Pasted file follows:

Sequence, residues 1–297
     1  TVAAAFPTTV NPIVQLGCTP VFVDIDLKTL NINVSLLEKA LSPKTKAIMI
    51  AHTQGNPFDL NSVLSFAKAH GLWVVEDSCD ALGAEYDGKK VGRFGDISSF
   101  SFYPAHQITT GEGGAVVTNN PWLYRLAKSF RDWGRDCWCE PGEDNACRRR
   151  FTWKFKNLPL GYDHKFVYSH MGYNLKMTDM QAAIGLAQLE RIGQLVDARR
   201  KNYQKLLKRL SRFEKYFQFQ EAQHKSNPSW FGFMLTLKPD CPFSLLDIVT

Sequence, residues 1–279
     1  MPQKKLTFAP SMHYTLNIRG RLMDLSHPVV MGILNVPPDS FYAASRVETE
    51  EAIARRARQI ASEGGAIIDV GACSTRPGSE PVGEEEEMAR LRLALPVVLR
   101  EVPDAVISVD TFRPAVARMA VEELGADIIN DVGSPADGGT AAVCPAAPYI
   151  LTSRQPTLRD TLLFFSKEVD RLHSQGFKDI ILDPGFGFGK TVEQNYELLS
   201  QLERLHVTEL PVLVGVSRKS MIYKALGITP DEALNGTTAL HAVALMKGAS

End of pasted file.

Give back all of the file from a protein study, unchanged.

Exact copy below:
Sequence, residues 1–297
     1  TVAAAFPTTV NPIVQLGCTP VFVDIDLKTL NINVSLLEKA LSPKTKAIMI
    51  AHTQGNPFDL NSVLSFAKAH GLWVVEDSCD ALGAEYDGKK VGRFGDISSF
   101  SFYPAHQITT GEGGAVVTNN PWLYRLAKSF RDWGRDCWCE PGEDNACRRR
   151  FTWKFKNLPL GYDHKFVYSH MGYNLKMTDM QAAIGLAQLE RIGQLVDARR
   201  KNYQKLLKRL SRFEKYFQFQ EAQHKSNPSW FGFMLTLKPD CPFSLLDIVT

Sequence, residues 1–279
     1  MPQKKLTFAP SMHYTLNIRG RLMDLSHPVV MGILNVPPDS FYAASRVETE
    51  EAIARRARQI ASEGGAIIDV GACSTRPGSE PVGEEEEMAR LRLALPVVLR
   101  EVPDAVISVD TFRPAVARMA VEELGADIIN DVGSPADGGT AAVCPAAPYI
   151  LTSRQPTLRD TLLFFSKEVD RLHSQGFKDI ILDPGFGFGK TVEQNYELLS
   201  QLERLHVTEL PVLVGVSRKS MIYKALGITP DEALNGTTAL HAVALMKGAS